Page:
The growing awareness for environmental protection offers immense business opportunities for the environmental technology companies as well. With the increasingly stringent regulatory regimes on environmental protection in the global market, many industrial sectors have recognised the need to adopt and develop green manufacturing practices and clean technologies in order to survive and compete. In Hong Kong, many companies are starting to tap on the opportunities in this field, especially those arising from the Mainland market. A lot of people remind me that the regulatory environment in the Mainland in promoting green environment and sustainability is no less stringent than that in the West.
The successful shift towards the circular economy will only be made possible by technological advancement which the Government is keen to see. In recent years, we have witnessed the fashion industry exploring new materials, pioneering new business model and developing new design technology. For example, we understand that in collaboration with and alongside the Fashion Summit, the Hong Kong Research Institute of Textiles and Apparel (HKRITA) is hosting the Innovation and Technology Symposium to share the latest technology developments and innovations on sustainability for the fashion industry.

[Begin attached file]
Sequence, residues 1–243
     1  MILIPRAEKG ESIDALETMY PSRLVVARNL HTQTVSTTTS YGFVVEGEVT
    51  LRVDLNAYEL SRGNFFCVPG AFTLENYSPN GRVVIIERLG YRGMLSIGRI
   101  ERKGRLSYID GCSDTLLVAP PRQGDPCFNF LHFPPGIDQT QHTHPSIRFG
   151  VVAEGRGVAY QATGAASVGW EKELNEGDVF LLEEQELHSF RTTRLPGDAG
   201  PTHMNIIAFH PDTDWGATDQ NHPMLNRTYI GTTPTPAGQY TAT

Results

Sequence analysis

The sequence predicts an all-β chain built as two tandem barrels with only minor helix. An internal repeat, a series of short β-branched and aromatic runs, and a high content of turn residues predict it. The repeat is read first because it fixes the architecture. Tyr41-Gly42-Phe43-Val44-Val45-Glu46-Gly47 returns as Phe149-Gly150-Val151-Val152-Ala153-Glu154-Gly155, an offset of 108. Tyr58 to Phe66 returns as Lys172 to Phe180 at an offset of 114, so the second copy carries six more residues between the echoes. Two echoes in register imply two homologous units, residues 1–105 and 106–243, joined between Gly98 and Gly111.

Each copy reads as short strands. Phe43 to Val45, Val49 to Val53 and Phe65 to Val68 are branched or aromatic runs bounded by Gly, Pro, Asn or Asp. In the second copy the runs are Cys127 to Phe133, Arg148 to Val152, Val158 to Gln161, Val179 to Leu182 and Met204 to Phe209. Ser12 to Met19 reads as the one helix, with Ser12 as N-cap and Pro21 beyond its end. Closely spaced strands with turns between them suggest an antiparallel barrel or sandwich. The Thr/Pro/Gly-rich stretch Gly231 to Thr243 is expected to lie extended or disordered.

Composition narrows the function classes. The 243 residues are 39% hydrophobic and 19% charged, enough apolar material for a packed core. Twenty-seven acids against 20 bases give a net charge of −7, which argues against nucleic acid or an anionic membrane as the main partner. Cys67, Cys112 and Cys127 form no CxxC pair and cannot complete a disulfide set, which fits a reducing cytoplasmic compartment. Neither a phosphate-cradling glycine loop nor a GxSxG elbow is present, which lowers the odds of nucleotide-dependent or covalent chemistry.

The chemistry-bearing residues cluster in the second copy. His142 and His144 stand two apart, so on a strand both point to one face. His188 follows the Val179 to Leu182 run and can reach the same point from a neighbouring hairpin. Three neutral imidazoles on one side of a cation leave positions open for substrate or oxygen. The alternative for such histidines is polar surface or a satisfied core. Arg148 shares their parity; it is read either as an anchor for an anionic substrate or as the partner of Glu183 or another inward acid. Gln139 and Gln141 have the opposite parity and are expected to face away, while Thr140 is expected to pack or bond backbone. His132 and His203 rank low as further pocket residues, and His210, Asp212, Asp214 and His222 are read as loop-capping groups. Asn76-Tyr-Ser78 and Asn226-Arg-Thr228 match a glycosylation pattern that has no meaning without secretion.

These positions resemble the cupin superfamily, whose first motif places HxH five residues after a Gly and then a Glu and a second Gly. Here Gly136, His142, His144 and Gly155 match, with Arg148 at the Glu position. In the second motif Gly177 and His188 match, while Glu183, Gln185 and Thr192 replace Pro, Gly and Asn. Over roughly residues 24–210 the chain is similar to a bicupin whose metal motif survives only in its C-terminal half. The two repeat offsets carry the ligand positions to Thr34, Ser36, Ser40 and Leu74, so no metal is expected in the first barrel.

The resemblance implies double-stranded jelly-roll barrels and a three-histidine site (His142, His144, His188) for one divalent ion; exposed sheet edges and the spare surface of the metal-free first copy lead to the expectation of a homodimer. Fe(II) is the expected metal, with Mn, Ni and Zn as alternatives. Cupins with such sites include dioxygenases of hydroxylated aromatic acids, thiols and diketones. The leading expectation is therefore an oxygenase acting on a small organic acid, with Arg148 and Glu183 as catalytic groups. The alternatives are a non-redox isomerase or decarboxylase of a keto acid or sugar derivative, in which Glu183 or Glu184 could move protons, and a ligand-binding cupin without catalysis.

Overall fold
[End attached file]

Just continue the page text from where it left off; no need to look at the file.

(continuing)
HKRITA, established in 2006 and funded by the Hong Kong Government, engages in applied research to support the textile and apparel industries in order to boost their overall competitiveness, and to drive sustainable improvements and bring about benefits to the whole society. Indeed, many leading fashion brands are actively collaborating with HKRITA to develop groundbreaking and award-winning new technologies to recycle blend textiles into new fabrics and yarns through mechanical, biological and chemical methods, such as the "Postconsumer Blended Textile Separation and Recycling by Hydrothermal Treatment" and "Textile Waste Recycling by Biological Methods" which won gold medals in the 46th International Exhibition of Inventions of Geneva. It demonstrates that use of new technology is a good starting point for transition towards the circular economy, and the Government is offering and will continue to offer support in this respect.